Lab Questions & Answers

When you visit any lab, we want you to have a comfortable and convenient experience. Learn the answers to several frequently asked questions about laboratory services & blood work.

Effective June 1, 2021 Mercy’s outreach lab services transitioned to Quest Diagnostics. Please consult your provider for a referral to a lab service site, as the decisions on testing facilities are always made by providers and patients together.

We chose to strengthen our relationships with Quest because it is one of the top diagnostic laboratories in the nation and has served Mercy well in the past. Most patients who choose Quest will see lower prices on outreach lab services bills. Quest offers excellent quality, a broad menu of tests and extensive health care coverage. Quest also offers the convenience of more locations for sample collection.


If you are referred to Quest for testing by a Mercy provider, your lab results will be shared with you via MyMercy.

We apologize for the service delays you experienced in recent lab visits and receiving your test results. Technical issues caused delays in transmitting lab information between our electronic record system with Quest. We believe those technical problems are fixed. To ensure these data flows remain stable, we will continuously monitor the flow of information.


We are working with Quest on operational changes that will return your lab experience to the high levels of service we expect of ourselves and you deserve. Quest is a very willing contributor to the process. A few of these changes could take a little time, so we appreciate your patience.  

Insurances accepted by Quest can be found at

All standing orders at Mercy’s outreach lab transitioned to Quest on June 1, 2021.

Please call Quest Patient Service Center at 866-MyQuest for any questions about your service at Quest labs.

Please call Quest’s patient billing customer service at 866-254-3859 or visit the Quest website for questions about billing. You will need the information from your invoice to speak with a customer service representative.

Orders for lab testing are good for one calendar year, but be sure to follow your doctor’s instructions regarding the preferred timing for your tests.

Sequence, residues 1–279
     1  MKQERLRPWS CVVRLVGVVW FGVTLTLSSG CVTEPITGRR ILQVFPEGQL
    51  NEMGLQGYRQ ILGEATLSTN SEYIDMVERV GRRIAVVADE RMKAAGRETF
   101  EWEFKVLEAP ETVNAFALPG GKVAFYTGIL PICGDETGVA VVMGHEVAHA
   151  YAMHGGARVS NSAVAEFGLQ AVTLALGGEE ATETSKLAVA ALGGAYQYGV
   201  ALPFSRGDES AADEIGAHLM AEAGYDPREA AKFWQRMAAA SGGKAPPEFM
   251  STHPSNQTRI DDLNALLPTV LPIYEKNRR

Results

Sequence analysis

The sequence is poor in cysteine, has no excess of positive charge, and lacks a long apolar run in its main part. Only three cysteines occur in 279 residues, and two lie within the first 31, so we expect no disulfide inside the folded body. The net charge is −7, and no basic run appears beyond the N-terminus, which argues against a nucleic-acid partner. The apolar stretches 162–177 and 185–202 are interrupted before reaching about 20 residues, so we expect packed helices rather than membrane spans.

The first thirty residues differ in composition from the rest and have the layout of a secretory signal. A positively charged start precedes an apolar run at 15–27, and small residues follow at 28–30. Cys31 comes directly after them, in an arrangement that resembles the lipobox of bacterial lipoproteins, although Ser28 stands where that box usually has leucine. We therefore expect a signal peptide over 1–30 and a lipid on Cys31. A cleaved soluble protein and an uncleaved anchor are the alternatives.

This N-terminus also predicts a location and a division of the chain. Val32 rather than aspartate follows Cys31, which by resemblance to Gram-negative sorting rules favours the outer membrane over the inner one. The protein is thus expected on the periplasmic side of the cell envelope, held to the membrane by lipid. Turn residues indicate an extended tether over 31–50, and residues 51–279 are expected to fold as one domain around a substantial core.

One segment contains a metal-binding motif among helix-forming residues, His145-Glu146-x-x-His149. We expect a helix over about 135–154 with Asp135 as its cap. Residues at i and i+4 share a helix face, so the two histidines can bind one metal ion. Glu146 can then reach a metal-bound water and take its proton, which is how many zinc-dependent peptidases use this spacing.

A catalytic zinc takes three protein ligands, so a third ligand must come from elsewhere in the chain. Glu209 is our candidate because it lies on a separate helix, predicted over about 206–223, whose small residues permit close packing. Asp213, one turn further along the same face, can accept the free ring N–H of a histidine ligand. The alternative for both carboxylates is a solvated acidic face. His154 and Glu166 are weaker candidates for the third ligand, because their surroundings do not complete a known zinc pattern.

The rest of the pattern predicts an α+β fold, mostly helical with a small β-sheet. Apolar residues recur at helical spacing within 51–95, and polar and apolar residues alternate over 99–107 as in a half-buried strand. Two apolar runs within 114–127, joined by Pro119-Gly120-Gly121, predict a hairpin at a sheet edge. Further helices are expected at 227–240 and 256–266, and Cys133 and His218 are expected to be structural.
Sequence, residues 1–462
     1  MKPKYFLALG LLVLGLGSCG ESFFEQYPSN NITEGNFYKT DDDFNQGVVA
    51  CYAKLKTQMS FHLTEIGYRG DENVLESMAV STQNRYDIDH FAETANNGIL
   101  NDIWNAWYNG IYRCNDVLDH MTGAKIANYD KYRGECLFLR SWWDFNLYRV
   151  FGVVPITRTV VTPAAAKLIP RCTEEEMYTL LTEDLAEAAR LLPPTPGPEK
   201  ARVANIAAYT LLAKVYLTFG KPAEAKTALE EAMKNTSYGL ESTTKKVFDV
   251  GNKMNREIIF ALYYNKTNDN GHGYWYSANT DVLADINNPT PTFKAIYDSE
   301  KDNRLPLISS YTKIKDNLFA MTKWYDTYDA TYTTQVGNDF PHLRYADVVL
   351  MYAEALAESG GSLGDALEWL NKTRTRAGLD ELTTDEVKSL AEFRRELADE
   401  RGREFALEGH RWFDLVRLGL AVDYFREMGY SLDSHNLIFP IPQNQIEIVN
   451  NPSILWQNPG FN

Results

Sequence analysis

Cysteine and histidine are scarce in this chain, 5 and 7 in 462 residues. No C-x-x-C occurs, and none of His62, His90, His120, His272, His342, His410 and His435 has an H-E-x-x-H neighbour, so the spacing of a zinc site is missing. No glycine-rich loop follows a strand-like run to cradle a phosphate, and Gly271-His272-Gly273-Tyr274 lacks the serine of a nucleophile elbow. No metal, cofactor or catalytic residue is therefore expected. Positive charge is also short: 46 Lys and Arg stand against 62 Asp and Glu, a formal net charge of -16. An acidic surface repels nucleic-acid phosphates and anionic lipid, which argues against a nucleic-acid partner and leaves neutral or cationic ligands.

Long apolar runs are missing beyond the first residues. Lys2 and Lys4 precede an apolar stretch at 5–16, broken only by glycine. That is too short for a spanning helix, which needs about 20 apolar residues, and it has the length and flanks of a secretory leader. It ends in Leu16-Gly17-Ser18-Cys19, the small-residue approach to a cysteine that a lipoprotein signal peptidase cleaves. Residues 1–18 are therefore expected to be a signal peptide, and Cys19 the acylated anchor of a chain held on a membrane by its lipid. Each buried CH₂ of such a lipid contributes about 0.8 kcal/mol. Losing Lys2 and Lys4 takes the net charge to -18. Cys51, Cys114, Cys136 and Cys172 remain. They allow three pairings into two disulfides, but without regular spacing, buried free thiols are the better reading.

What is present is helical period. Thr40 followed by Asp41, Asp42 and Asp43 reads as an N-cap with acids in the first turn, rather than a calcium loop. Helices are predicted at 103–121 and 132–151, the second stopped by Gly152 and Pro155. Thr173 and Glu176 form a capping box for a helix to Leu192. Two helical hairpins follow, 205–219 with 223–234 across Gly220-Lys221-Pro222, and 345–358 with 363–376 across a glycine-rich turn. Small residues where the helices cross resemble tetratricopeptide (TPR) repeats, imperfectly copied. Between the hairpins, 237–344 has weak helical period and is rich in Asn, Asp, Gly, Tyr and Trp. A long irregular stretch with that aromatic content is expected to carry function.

There’s a good chance your lab tests won’t require you to prepare at all, but follow your doctor’s instructions for fasting or other preparation. Fasting means not eating or drinking for a specified time period before your test to ensure your results are accurate.

It depends on the tests your doctor orders. For blood work, don’t eat anything or drink liquids other than water for eight hours prior to arriving at the lab. For a lipid panel, a 12-hour fast is required. Don’t drink coffee or juice, chew gum, use tobacco or eat while you’re fasting. It’s OK to drink water and take your medications as directed by your provider before testing.

A phlebotomist – a technician who specializes in drawing blood – will call you into a private area, where your blood will be drawn or other samples will be taken, depending on the test you’re having. We’ll explain the process before performing the test.


A phlebotomist uses a small needle for blood samples. The procedure is quick and relatively painless – usually, patients feel a pinch. It’s not unusual to experience slight bruising at the site. The phlebotomist will keep pressure on the site and then apply gauze or a band-aid. If you’re using blood thinners, pressure may be kept on the site a little longer.

Most tests performed in our own facilities are shared electronically via MyMercy. More complex tests may be sent to special labs, and you'll need to check with your doctor’s office to get your test results.

Results for routine lab tests performed at Mercy are usually available the next morning. Complex tests sent to special labs will take longer and may vary based on type; confirm the timing of these tests with your doctor's office.

A toxicology test (“tox screen”) would need to be performed to show the presence of drugs or other chemicals in your blood. A tox screen can be used to check for one specific drug or up to 30 drugs at once. These may include prescription medicines, vitamins, supplements, alcohol and illegal drugs such as cocaine and heroin. Testing is often done on urine or saliva instead of blood. Many drugs will show in urine or saliva samples, and these tests are easier to perform than blood tests.

Mercy offers a full range of corporate health and occupational medicine services to businesses large and small. Including onsite health and wellness as well as drug and alcohol testing. Learn more.